In addition, we developed a model to rate if a tweet was related to the VAR, which is an issue of topic identification. Note that different to, for example goals, not all incidents of interest for us occur on official or reliable sources nor can they be collected otherwise (e.g. by using live video footage). Over 70% of the reviews by the VAR are so-called silent reviews, in which not even the on-field official gets informed about the on-going reviews and far below 10% of the reviews lead to a revision of the on-field decision (see [17] for a detailed summary for such numbers in the German Bundesliga). However, incidents in which the VAR did not intervene can cause emotional reactions as well, especially if spectators do not agree with the VAR’s non-intervention. Adopting a topic detection algorithm helped us to detect such incidents as well. Using Twitter data to detect real world events has not been applied in peer-reviewed literature of sports science so far, but has successfully been adopted in other fields, e.g. to detect earthquakes [18] or to explore abnormal stock price returns [19].

To sum up, this paper provides two kinds of contributions. First, we apply a new machine learning approach for automated text classifications in a way that has not been adopted for such kind of problem before. The complete approach, including data preprocessing, and its evaluation are described in detail in the first part of the methodological section. In the second part of this section we display how we synthesize the information retrieved from sentiment analysis and topic detection to evaluate the immediate impact of the Video Assistant Referee on the sentiment of football fans. Therefore, we do not just explore the difference in sentiment for tweets related to this topic compared to other tweets, but also how specific VAR incidents influenced the overall sentiment during football games. As this second contribution is the main purpose of this study, the results and the discussion of this paper will focus on the findings regarding the VAR’s impact. In our concluding section we will try to point out how these findings can serve sports associations and how our methodological approach can contribute to the knowledge base regarding automated text classification.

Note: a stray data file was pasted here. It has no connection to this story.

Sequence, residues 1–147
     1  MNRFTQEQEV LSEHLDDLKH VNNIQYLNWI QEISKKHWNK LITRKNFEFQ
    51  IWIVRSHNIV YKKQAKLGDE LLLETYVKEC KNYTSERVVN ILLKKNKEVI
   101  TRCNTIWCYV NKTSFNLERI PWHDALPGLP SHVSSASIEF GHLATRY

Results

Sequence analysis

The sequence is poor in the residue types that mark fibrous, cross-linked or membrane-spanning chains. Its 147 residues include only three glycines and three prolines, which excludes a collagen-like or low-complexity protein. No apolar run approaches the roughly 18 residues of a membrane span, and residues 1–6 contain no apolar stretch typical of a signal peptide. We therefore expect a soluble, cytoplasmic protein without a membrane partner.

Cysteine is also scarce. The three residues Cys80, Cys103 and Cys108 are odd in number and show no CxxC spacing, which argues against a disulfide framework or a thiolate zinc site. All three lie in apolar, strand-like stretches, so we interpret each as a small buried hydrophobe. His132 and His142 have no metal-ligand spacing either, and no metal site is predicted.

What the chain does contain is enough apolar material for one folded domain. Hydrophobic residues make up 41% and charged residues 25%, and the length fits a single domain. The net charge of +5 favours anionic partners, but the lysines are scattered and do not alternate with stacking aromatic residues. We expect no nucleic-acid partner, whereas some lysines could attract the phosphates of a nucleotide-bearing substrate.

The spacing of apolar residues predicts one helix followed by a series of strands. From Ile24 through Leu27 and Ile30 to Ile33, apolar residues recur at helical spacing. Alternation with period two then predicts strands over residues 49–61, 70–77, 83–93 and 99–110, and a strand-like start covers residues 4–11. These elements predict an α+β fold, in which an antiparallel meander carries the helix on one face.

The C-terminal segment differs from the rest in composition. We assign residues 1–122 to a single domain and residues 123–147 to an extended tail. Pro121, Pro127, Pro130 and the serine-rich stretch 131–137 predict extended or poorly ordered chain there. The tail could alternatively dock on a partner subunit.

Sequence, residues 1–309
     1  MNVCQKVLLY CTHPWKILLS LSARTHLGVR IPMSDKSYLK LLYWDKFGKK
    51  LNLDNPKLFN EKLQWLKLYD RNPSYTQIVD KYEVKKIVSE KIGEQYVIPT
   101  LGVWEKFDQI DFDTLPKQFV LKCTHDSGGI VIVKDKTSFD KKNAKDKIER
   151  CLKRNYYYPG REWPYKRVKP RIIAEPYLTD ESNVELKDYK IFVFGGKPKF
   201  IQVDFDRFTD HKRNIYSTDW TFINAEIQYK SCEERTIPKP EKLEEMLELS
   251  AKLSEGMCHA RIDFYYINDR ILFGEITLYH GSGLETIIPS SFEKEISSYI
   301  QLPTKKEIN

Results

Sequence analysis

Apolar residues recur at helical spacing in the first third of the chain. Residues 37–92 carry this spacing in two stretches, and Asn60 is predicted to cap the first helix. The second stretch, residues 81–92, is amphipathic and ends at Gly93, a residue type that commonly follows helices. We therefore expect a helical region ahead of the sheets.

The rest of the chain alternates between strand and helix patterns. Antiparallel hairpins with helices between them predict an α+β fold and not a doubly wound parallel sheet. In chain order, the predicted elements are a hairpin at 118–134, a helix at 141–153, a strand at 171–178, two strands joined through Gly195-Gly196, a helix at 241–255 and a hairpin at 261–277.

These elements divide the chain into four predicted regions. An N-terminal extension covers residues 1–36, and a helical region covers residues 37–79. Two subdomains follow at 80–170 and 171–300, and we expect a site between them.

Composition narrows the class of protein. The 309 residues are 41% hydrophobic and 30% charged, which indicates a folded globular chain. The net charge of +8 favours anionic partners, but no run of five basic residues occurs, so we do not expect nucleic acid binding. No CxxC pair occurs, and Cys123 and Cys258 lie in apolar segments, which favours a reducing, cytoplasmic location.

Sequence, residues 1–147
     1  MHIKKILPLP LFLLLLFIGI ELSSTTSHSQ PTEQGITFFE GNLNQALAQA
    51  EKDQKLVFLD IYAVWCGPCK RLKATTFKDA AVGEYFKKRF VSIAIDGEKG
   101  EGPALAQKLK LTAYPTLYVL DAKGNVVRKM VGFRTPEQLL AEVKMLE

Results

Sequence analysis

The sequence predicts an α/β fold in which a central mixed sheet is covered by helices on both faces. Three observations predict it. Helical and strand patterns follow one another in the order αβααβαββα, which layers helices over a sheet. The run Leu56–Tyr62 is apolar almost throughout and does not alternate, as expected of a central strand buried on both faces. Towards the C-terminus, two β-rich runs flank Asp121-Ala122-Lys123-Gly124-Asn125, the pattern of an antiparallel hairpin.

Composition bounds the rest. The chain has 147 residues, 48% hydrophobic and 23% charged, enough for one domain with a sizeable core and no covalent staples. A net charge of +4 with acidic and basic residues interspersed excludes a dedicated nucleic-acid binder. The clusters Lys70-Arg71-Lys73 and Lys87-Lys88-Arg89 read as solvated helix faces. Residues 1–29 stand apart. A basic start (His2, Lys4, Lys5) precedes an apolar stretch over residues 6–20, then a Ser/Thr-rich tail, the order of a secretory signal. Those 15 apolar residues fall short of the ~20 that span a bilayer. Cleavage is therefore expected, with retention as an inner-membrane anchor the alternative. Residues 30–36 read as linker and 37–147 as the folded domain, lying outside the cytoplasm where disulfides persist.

Data & materials.

Using the official Twitter API, we collected all the tweets during 129 matches of the 2019/2020 Premier League (EPL) season, which were tagged with the official game hashtag (the included games are listed in S1 Table). This official hashtag and chronological information, like kick off time, were retrieved from the official website of the league ( Data collection for each game was started at the minute the game officially started and stopped after 120 minutes for each game, to ensure that tweets during the whole match were extracted. Our final sample consists of 643,251 tweets, a mean of 4,986.4 tweets per game, with the number of tweets per game ranging from 40,127 to 284 (variation coefficient of 1.24). The number of tweets for each game can be found in the list of games (S1 Table).

Training data.

As training data, a subsample of 4,583 tweets was drawn from the overall sample, including tweets from 24 games. To make sure that this data set covered the most common VAR incidents, the games were not drawn randomly but selected based on the occurrence of certain VAR incidents. Again, the VAR can be used to check goals, penalties, red cards, and if the right player got booked (so-called mistaken identity). The latter situation is very rare and did not appear in our sample. For the other three incidents, we selected games including different variations of those, as for example for a goal, the VAR can be used to confirm or overturn the initial decision due to a possible handball, foul, or offside call. The list of games, including information about the VAR incident can be found in the supporting information (S2 Table).